This caught my attention on 27East:
Curious about what constitues a history-making event, and which local officer was rewarded and for what, I read on.
Odd as it seems, it was a gender-based "first;" East Hampton Town Police Detective Tina Giles garnered the evening's top honor, and in doing so became the first female officer from the East End's 14 law enforcement agencies to win the Howard Stock Memorial Award, emblematic of the officer who demonstrated the most exemplary police work.
Of all the instances deemed award-worthy, only Quogue's Daniel Hartman, cited for saving a man's life last April by performing CPR after responding to a cardiac arrest call and discovering the man unconscious on his bed, seemed particularly dramatic.
Then came the local recipient...
"Westhampton Beach Village Police Officer Kenneth Bigora was commended for displaying an 'honest and hardworking work ethic, giving 100 percent every tour,' according to his department."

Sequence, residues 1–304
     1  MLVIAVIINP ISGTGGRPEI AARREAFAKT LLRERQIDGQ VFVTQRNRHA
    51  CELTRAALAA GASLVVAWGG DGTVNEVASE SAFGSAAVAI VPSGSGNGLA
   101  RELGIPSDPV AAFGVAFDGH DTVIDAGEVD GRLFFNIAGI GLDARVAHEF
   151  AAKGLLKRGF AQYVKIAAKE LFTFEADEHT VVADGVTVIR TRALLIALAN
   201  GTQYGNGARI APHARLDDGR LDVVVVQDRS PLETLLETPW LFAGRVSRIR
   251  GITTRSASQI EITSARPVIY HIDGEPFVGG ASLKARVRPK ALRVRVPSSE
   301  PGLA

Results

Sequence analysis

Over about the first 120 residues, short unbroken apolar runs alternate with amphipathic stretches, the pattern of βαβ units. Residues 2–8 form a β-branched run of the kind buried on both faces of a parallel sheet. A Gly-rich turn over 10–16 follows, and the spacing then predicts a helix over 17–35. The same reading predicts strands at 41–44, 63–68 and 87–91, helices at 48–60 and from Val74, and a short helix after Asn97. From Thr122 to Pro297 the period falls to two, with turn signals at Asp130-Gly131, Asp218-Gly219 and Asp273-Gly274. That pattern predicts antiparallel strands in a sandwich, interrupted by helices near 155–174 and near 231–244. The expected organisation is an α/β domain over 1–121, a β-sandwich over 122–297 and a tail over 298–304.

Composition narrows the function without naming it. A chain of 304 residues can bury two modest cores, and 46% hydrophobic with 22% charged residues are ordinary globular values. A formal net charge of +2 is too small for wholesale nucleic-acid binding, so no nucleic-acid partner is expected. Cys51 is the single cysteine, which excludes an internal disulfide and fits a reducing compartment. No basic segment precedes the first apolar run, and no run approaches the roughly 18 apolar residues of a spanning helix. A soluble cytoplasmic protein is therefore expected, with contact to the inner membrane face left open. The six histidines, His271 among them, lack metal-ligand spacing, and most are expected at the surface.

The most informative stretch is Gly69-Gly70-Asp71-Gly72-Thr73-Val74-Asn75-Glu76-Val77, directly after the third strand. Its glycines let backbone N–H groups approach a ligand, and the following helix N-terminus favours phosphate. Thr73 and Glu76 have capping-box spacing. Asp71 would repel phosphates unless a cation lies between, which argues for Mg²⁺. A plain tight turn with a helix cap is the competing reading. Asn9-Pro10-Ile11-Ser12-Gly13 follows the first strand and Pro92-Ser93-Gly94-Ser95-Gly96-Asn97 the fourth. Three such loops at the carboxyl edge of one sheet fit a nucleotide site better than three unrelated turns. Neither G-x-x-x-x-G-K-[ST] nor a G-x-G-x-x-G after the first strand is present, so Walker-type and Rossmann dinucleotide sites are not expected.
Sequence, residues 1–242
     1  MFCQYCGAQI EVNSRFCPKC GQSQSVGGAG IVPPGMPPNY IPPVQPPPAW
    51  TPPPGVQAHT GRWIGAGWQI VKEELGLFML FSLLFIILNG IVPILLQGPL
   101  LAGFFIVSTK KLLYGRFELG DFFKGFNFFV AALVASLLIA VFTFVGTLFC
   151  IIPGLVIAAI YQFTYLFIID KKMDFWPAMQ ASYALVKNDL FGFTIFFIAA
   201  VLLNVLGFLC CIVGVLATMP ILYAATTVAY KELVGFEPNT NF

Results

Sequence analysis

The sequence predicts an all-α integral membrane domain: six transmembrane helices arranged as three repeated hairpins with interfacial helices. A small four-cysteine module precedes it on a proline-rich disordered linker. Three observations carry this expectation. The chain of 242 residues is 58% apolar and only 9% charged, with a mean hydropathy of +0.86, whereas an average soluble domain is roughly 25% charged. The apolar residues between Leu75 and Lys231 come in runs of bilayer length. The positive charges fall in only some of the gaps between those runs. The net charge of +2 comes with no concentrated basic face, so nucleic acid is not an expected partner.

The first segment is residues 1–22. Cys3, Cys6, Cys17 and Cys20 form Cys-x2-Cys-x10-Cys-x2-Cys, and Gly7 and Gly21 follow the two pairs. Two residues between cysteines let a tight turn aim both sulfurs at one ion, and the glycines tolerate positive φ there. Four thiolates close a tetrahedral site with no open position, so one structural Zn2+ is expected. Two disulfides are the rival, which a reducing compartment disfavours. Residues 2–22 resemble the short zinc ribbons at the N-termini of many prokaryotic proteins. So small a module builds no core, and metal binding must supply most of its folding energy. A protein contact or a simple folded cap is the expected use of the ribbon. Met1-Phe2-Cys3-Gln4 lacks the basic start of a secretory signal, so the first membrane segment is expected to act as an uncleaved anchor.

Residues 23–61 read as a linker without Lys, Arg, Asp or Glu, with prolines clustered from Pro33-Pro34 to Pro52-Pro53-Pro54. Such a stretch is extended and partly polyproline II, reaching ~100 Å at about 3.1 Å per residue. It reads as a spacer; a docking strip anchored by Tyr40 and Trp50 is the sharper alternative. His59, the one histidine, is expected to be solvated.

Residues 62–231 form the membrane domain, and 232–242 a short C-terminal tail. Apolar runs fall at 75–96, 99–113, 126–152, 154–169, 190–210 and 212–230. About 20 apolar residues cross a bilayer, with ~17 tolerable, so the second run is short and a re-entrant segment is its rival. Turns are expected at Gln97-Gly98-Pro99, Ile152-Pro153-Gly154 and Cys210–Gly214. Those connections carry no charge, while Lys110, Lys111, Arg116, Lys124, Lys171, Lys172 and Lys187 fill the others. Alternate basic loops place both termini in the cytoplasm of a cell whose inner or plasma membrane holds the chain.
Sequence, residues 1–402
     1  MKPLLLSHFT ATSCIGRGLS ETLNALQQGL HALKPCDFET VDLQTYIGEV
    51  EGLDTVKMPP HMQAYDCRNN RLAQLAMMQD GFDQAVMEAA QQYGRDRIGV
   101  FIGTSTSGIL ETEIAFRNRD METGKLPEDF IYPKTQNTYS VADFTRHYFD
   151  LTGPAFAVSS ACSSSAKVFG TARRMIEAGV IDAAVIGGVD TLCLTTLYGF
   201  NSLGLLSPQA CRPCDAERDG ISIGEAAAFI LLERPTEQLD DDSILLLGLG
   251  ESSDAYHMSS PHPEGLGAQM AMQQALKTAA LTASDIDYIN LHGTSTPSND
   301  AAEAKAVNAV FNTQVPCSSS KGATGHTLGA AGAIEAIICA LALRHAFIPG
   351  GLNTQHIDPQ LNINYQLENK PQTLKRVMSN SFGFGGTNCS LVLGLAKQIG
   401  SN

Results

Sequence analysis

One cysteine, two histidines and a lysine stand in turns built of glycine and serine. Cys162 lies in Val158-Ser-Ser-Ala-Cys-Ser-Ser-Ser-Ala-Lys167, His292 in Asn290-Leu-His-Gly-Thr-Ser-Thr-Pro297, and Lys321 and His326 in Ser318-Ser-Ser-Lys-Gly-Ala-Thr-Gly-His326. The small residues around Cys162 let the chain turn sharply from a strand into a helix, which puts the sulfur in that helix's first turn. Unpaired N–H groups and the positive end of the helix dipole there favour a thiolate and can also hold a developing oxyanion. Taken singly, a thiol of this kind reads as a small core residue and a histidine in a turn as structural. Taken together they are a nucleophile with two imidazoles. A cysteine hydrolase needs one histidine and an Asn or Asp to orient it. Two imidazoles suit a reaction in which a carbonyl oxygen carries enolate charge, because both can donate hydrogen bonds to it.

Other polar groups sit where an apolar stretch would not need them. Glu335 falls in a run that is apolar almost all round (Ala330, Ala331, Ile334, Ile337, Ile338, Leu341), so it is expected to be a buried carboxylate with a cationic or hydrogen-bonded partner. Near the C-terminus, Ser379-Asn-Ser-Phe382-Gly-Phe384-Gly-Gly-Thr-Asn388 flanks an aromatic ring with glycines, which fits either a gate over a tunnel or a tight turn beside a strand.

Really? I know Kenny Bigora and not that I've even known him to be anything other than honest or not give 100%, but I began to wonder why this was considred note-worthy.
And then I reflected on what has been Westhampton Beach Police standards over the past decades, and decided that this was not only note-worthy, but confirmed a change in direction for the department.
The cynic in me mused that the last two year's "Officer of the Year" could appropriately have been, respectively, former officer Michael Bruetsch and soon-to-be-retiring Jeff Speer, each of whose separation only improves the department as a whole... addition by subtraction.
But no, Kenny Bigora is the ideal standard bearer for this year's honors... he shows up1, spends his entire shift doing the job he has been hired to perform, doesn't goldbrick watching videos during his shift, or do outside jobs on Village time.
He gives good value to the tax payers of Westhampton Beach!
Good work, Kenny Bigora... congratulations on your recognition. You absolutely do rate this award!